Is the usage sincerest gratitude wrong?Can we use such in acknowledgements?
- Anybody can ask a question
- Anybody can answer
- The best answers are voted up and rise to the top
Consider the common phrase sincerest form of flattery. Where I'm from I hear sincerest more often than most sincere, though it's close. I never hear sincerer. Google Ngrams trends the same as my personal experience, and it looks like there was a shift from most sincere to sincerest in the 1980s but the difference is negligible regardless:
Perhaps more appropriate Ngrams (English being so unpredictable) are these.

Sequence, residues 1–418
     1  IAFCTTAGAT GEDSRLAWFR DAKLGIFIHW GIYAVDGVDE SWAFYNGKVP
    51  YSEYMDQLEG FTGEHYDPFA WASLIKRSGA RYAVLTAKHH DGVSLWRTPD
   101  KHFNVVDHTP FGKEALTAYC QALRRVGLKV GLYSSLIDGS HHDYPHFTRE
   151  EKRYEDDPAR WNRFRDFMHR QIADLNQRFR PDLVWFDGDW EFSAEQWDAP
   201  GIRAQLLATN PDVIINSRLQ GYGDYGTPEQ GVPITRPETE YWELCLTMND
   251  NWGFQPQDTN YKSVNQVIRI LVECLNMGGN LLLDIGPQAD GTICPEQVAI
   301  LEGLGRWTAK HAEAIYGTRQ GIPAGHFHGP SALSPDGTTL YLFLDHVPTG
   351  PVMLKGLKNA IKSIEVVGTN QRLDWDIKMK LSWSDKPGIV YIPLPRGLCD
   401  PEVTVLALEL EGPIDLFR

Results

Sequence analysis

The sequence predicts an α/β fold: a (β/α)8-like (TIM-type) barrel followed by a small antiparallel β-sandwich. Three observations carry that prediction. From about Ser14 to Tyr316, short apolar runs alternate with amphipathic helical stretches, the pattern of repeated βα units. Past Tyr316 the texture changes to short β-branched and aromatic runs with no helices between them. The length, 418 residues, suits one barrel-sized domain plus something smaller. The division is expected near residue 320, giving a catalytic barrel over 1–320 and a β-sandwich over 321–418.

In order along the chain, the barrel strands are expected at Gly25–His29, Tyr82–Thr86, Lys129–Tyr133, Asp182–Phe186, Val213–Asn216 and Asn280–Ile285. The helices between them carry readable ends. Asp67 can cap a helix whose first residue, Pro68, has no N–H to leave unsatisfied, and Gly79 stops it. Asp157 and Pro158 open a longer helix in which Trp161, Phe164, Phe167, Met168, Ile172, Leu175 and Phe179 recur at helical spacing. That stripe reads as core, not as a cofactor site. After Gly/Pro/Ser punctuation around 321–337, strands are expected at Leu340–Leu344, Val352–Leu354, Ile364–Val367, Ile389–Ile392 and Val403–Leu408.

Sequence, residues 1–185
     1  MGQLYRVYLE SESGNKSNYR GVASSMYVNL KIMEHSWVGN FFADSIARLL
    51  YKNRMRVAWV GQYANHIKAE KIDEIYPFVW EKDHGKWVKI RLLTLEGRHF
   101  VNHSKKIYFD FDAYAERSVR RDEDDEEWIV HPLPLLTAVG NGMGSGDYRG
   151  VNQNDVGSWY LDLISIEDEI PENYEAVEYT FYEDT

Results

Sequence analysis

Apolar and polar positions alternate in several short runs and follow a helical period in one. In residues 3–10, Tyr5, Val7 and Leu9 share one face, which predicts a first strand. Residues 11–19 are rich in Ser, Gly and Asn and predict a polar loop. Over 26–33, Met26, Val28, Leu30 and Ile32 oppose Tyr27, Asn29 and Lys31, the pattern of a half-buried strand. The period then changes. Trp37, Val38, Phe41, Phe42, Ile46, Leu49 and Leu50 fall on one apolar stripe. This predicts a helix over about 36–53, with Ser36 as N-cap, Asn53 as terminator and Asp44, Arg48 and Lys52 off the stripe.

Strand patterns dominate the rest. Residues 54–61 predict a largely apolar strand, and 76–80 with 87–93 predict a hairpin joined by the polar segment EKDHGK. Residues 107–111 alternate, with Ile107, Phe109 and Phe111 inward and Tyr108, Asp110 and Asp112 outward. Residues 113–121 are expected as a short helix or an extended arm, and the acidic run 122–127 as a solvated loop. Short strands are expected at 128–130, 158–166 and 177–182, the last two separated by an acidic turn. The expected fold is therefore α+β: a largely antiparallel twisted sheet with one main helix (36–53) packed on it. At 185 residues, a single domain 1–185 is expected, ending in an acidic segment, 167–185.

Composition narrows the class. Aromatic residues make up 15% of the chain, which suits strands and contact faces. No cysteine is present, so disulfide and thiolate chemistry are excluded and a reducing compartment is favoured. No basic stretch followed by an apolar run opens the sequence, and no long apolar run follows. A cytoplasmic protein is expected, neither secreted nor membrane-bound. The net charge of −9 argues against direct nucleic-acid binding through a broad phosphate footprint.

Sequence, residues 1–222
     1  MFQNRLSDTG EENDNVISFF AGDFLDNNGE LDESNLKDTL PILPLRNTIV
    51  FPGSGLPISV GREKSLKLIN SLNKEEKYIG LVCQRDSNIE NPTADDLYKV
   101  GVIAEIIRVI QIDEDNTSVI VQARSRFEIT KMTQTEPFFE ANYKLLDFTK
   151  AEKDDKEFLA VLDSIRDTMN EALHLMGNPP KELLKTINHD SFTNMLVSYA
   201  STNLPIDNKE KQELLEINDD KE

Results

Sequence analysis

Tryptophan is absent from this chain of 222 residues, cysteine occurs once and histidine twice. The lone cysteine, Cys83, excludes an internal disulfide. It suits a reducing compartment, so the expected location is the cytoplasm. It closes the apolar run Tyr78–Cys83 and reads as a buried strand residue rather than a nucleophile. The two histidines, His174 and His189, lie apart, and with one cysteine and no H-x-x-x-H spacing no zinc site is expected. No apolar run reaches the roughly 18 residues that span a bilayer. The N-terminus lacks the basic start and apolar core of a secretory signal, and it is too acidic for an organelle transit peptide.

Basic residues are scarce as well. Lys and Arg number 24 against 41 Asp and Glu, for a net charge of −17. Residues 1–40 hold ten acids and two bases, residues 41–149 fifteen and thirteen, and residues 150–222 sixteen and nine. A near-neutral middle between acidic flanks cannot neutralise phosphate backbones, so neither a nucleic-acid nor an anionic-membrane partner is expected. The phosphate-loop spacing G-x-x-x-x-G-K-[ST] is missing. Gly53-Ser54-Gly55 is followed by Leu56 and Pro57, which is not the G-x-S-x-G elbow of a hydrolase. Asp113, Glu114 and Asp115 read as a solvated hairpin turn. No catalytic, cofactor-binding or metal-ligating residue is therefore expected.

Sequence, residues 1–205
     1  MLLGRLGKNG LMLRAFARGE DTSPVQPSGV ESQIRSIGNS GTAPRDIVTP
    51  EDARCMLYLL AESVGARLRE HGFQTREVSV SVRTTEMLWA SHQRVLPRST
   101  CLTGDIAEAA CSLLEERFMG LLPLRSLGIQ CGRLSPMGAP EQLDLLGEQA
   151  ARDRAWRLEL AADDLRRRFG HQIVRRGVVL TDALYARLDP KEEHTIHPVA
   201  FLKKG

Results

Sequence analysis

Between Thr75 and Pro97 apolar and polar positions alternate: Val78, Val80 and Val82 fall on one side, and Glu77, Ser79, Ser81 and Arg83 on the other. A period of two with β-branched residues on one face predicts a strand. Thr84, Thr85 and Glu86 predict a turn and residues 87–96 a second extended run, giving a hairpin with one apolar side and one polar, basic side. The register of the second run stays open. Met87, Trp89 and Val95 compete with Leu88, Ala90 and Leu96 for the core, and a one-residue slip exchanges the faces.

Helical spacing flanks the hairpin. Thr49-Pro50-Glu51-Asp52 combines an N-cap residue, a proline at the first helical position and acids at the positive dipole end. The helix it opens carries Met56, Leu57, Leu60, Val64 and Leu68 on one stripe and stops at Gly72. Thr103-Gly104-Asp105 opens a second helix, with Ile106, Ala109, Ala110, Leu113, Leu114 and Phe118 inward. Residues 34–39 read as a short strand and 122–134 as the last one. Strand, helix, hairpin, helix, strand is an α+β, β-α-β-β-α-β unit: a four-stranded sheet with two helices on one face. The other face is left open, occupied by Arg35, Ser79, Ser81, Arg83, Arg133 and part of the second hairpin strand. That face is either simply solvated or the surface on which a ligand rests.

These suggest that (and my opinion is in agreement, but more data would be more persuasive):
1) 'Sincerest' is preferred to 'most sincere', though both are in use.
2) The degree of preference is dependent on the following noun group. With '... form of', the periphrastic alternative is much less frequently used.
"My most sincere gratitude" would be the most common form used. Superlative for long words tend to be made using more or most instead of the suffixes -er -est.
The only grammatically correct form is "most sincere." The rule is really quite simple:
Adjectives of one syllable form their superlative by adding -est: nice, nicest; big, biggest; short, shortest.
This rule also applies to adjectives of two syllables whose second syllable ends in a "y" or in a vowel sound: happy, happiest, pretty, prettiest; narrow, narrowest.
All other adjectives form their superlative by using "most" before them.
That's the whole explantation!